‘People learn us through our language’ – Pearls of wisdom from panel on decolonising South African editing
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Yesterday evening, Jacana Media and Wits University hosted a panel discussion on decolonising South African editing.
The panel, which was chaired by Redi Tlhabi, featured speakers Sabata-Mpho Mokae, Dudu Busani-Dube, Helen Moffett, Rehana Rossouw and Malebo Sephodi.
The full event is available to watch in full below, and we can’t recommend doing so enough; however some of the main points are summarised below:
Mokae, who writes in in English and Setswana, said he believes African languages can express anything English can, but addressed the issue of problematic, sometimes patriarchal, proverbs and idioms:
‘There’s a constant battle with the concepts in the language itself and a challenge to writers right now -woke writers -to do something about it. Because most of the people who are writing in African languages are old, and who taught these people?
‘It’s up to us to do something and even do away with some of these proverbs. Some of my best work .. there wasn’t so much of these proverbs in there because they violated my values.’
Rossouw, whose novel What Will People Say? was shortlisted for the 2015 Etisalat Prize for Literature, said watching The Wire gave her the courage to write her book in ‘her English’.
‘Because some of my characters don’t translate easily. I’ve got a gangster character, and if I had to write him in Wits master’s language, you know, he would stop suddenly on the street and say ‘Do you mind if I have sexual intercourse with your daughter?’
‘And I found that the word ‘naai’ actually travels. The word ‘naai’ travels across borders, it really does. People understand it easily. I have no glossary in my book, but I’ve taught many people what the word ‘naai’ means.
‘People learn us through our language. They are not going to learn who we are if we write in missionary English, or colonial English, or literary publishing house English; people are going to learn who we are if we write in our language, whatever that language is.
‘A writer’s job is to take a story about somebody or some people and to show others and say, would you like to learn about us? And they have to learn about us in the way that we are. So when I come across a Zulu word or a Setswana word in a book, I’m going to go and find out, if the author has persuaded me that these people are important enough to learn about.’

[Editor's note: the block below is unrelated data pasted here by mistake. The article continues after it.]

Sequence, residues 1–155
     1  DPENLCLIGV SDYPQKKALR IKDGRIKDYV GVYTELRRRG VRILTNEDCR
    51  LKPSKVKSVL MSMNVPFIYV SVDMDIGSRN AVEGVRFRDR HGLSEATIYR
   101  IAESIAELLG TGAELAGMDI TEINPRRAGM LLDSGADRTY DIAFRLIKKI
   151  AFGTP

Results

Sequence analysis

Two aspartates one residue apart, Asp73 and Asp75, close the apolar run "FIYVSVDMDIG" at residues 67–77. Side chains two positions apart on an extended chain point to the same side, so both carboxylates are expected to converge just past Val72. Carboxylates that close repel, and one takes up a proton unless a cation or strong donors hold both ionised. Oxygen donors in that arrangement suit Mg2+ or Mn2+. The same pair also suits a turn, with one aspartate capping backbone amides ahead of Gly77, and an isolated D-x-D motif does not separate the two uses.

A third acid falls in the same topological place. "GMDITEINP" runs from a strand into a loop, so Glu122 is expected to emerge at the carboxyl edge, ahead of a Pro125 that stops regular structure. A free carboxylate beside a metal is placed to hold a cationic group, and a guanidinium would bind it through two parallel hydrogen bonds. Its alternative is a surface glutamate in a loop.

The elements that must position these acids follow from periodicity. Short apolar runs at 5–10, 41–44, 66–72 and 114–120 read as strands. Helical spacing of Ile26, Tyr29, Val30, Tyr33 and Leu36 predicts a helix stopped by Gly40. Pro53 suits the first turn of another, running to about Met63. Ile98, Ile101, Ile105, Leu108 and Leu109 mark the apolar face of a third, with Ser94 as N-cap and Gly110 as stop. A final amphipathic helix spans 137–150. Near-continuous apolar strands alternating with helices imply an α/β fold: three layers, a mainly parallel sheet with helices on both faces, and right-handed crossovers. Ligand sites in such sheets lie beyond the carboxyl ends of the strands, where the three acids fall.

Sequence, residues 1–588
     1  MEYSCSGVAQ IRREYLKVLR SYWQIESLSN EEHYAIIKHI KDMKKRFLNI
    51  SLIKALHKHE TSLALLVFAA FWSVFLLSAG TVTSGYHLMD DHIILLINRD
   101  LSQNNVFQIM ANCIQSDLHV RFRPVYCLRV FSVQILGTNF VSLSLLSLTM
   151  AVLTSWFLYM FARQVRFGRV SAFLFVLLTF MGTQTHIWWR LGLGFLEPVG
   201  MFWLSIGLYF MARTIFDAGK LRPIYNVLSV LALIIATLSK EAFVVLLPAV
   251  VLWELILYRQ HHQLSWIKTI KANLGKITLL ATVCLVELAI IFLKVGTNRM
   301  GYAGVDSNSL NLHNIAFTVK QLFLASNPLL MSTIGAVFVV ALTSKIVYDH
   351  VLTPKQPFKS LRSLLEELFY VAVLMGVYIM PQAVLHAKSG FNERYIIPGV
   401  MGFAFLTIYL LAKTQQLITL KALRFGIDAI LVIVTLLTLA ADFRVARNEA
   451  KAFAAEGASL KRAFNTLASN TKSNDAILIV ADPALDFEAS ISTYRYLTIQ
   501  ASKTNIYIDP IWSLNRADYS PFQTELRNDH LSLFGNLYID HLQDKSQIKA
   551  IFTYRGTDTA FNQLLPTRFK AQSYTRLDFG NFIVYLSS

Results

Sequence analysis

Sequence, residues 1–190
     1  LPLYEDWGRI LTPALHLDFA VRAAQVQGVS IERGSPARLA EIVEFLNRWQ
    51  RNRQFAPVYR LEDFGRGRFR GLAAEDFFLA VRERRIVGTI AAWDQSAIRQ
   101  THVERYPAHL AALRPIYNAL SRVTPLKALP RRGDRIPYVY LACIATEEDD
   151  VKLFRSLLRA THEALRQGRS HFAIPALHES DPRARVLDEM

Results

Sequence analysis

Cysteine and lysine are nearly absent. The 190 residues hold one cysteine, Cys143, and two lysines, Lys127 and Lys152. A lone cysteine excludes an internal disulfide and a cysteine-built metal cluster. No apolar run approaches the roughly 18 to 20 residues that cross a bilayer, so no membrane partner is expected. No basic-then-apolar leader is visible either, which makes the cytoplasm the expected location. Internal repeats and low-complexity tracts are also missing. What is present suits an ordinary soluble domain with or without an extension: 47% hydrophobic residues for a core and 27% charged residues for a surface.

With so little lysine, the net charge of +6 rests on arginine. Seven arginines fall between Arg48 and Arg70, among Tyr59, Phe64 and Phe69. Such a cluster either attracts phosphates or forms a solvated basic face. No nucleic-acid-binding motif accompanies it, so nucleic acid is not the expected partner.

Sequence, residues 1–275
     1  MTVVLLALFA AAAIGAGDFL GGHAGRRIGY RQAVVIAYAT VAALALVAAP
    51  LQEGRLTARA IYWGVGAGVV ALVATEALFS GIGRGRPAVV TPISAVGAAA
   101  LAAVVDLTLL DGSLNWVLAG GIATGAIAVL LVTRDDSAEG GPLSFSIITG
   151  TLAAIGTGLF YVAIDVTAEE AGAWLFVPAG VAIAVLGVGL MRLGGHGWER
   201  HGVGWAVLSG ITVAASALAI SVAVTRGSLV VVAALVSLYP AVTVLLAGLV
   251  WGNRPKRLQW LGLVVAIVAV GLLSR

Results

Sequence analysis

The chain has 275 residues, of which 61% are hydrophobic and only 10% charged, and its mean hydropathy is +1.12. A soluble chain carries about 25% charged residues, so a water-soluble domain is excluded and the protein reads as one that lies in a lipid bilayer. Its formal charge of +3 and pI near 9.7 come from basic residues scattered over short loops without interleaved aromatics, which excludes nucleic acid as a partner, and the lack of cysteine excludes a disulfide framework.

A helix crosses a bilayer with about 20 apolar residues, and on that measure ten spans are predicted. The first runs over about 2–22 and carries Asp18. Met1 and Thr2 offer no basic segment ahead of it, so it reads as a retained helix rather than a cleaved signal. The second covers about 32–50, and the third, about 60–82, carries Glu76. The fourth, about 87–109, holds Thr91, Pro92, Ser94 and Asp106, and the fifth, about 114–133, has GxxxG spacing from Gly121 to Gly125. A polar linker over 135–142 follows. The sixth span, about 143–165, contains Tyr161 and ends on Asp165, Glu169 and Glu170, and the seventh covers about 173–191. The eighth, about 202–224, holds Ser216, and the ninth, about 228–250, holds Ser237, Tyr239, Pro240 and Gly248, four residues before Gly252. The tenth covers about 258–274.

Mokae explained why he writes in Setswana, saying it wasn’t easy at first:
‘It comes to the reason why I’m writing. I write in Setswana because I’m fascinated by the language. A language is a way of knowing. It’s a way of explaining life, of seeing the world.
‘If I was concerned about the market a lot, I would have decided to stick with English. But one day I woke up with this madness in me: write in Setswana.
‘It wasn’t easy because I had been doing everything in English. I had to learn afresh. Get this thing in my blood again. But after a week or so of writing in Setswana, that for me was a taste of freedom. At that moment, I knew how my writer friends to whom English is first language feel when they write and don’t have the burden of translating their stories from another language to another when it gets to paper. It was like a loss of virginity. And I kept on doing it. It felt really good.’
Sephodi, whose first book Miss Behave was recently released by Jacana Media, said she battled with writing about everyday things:
‘There’s always a sense of burden that you carry, especially as an activist who writes, that whenever you write people have an expectation. When you say ‘Malebo’s going to write,’ people constantly have an expectation that Malebo’s going to write about gender, Malebo’s going to write about politics.
‘For me, I’d like to get to a point where we are allowed to write – and I say allow because so much of what we do is a form of activism in terms of our writing – anything and everything, and especially re-imagining the type of trope that we create when we write about the black woman.
‘Take Cynthia Jele’s book for example, Happiness is a Four-letter Word, she wrote black women in a different light and you got people saying, ‘but this is not African literature’, because African literature must include this black woman abused or with a certain story that comes with it.
‘So should art be for art’s sake? I’m at a point where I say ‘no’. Unfortunately art is not for art’s sake. We do carry that responsibility, especially if your voice has been marginalised and erased.’
Busani-Dube, a successful self-published author who writes in English, said:
‘The only way we can decolonise literature is if we write in our own languages. We cannot decolonise English. But because we are in a situation where we are forced to speak and communicate in English, we can use it the way we want to, the way that the people we are talking to can understand it.
‘But I think if I had to explain the things that happen in my books in Zulu I think they would sound better than they do in English.’
Moffett said South Africans should be able to tell their stories through traditional publishing houses, praising Thabiso Mahlape of BlackBird Books – an imprint of Jacana – and Colleen Higgs of Modjaji Books:
‘The notion that you have this disconnect, and we’ve always had it, it’s very much part of a colonial model, especially the Anglophone colonial model, that books are like vitamens and cold showers, they are worthy objects that are good for you and must be suffered and endured, and we must all read literary fiction even if it bores us to death. No.
‘You know how many writers say to me, “I’ve written this wonderful book and I want to send it to a publisher, but I’m so worried about what they’ll say about my grammar.” People do you know how easy grammar is to fix?
‘Nobody but nobody else can tell your stories. That’s what important.’
View images from the event here: